Also included in the report to the board was mention of “Dudley Road corridor improvements to support connectivity between Smethwick and Birmingham”.

The report to councillors at today’s board meeting states although £1.7 billion is being asked for, the amount to come from Department for Transport is unlikely to be above £1.3 billion and “indeed may be lower than this value”.

The WMCA will be in competition with other mayoral authorities for the funds.

The plans are intended to address challenges such as reducing transport carbon emissions to address climate change as well as improving “equity of access” to improve social mobility.

Mayor of the West Midlands Andy Street said: “We are already putting unprecedented investment in our transport network with projects such as the new Wednesbury to Brierley Hill Metro extension, the opening of five new railway stations and the roll out of West Midlands Cycle Hire earlier this year.

“This new funding will build on that by not only helping us get some projects, such as Aldridge Railway Station over the finishing line, but set us well on the road to a real revolution in transport for the West Midlands delivering the next round of Metro extensions, bus routes and train lines that will help our region grow and prosper.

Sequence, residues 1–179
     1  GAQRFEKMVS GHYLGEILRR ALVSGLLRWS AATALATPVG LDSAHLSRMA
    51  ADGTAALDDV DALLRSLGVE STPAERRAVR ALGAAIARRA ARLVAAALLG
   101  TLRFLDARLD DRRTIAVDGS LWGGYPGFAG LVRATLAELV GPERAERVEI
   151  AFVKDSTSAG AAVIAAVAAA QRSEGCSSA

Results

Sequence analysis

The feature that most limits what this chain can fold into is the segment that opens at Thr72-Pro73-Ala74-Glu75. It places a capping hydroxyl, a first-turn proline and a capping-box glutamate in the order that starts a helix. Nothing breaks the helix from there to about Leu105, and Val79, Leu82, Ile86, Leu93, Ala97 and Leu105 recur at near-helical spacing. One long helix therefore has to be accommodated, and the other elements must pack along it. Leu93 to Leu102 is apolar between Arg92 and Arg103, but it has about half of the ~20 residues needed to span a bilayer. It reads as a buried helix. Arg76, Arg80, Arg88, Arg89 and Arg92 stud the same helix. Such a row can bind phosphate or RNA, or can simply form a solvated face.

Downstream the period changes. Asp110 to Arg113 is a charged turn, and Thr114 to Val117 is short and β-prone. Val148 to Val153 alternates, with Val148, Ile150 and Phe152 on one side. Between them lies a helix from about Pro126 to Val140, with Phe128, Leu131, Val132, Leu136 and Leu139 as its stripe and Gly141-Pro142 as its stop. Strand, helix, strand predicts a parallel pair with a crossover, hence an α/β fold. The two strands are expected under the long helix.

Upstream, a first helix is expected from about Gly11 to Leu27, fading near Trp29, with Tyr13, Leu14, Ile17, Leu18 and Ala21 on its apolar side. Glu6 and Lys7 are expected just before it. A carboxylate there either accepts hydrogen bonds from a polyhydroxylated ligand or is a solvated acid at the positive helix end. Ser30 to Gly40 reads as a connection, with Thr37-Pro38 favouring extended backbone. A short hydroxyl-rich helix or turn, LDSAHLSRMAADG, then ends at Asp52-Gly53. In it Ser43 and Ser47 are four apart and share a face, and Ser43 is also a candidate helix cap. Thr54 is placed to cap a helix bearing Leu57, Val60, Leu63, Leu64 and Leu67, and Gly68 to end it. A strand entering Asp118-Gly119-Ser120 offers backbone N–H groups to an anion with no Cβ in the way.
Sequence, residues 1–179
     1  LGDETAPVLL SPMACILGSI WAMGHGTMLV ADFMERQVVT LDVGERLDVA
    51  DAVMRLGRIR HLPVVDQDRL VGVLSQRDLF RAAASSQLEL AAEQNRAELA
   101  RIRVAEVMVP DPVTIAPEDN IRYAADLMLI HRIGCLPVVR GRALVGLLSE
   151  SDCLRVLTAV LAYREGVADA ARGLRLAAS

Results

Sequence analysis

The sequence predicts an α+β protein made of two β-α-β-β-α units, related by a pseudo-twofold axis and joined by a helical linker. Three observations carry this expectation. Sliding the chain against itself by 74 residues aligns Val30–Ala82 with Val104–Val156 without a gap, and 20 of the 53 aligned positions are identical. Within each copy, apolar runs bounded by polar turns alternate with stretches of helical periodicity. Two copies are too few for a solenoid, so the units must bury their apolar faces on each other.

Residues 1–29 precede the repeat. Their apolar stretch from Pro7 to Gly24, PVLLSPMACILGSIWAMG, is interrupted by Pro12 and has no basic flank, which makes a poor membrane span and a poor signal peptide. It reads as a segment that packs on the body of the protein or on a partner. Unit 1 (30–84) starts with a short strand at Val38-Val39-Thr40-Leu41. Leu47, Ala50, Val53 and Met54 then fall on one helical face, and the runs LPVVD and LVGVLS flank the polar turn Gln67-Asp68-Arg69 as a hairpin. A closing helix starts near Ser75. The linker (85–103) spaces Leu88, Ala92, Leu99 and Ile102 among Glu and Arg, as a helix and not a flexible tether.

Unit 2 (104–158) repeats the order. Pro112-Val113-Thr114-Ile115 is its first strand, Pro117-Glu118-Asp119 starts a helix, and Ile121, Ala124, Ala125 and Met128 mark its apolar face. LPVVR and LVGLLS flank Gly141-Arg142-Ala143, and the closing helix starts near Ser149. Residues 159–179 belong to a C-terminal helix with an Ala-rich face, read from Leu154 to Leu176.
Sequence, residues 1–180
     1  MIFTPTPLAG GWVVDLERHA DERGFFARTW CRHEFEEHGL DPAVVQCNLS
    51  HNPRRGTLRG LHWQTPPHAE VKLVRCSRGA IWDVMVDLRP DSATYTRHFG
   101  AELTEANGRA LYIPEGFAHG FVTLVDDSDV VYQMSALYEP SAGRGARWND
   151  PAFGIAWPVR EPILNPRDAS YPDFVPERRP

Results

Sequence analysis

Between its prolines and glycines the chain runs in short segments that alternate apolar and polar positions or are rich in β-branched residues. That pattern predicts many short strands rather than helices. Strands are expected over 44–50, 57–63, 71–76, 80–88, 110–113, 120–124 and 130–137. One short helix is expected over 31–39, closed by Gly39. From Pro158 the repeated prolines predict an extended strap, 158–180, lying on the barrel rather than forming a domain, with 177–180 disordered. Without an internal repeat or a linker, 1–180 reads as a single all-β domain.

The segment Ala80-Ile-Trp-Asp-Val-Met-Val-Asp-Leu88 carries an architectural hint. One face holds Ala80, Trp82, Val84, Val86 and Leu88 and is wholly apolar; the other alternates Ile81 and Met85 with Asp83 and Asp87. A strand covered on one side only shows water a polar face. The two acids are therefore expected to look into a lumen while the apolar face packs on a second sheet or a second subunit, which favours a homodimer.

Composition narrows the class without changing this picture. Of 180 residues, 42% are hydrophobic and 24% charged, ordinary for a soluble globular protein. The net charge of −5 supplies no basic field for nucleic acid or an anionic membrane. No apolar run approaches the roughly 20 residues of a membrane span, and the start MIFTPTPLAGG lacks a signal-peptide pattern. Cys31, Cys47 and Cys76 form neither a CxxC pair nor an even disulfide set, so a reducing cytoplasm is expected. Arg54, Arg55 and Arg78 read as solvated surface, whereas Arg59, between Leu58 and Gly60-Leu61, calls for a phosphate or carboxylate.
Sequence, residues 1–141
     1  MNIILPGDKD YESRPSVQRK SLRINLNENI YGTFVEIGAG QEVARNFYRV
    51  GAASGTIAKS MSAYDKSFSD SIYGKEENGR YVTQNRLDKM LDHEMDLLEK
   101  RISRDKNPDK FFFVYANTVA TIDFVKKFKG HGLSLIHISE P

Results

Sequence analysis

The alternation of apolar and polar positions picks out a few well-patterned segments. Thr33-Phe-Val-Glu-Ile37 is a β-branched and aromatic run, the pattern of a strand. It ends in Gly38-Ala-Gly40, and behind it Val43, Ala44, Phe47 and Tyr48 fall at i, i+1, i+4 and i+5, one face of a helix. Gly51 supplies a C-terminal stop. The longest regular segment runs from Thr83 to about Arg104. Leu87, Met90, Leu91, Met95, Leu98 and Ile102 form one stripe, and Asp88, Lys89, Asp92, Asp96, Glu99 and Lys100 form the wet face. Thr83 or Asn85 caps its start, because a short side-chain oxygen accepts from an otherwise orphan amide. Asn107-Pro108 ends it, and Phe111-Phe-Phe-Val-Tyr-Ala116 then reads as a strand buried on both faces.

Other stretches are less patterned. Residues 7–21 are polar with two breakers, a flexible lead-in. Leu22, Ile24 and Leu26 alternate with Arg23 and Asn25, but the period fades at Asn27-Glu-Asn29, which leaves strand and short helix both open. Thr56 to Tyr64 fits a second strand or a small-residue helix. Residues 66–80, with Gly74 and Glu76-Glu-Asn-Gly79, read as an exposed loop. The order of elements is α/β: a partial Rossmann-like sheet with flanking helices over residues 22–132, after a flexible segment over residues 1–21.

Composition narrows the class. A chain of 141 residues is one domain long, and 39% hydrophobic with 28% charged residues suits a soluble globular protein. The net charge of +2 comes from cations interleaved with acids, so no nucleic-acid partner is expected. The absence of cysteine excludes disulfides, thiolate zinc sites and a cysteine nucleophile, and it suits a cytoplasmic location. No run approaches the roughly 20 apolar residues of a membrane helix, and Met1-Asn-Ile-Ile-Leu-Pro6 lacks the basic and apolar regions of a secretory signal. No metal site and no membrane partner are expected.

“This investment will transform the fortunes of communities by better linking people to key locations like New Cross Hospital and by making the switch to public transport and active travel easier and better value for everyone.”

Cllr Ian Ward, WMCA portfolio holder for transport and leader of Birmingham City Council, added: “We have set out an ambitious bid which supports our aims of delivering a green revolution in transport and targets investment in the region’s more deprived and poorly connected communities – as better connections attracts both jobs and supports new housing.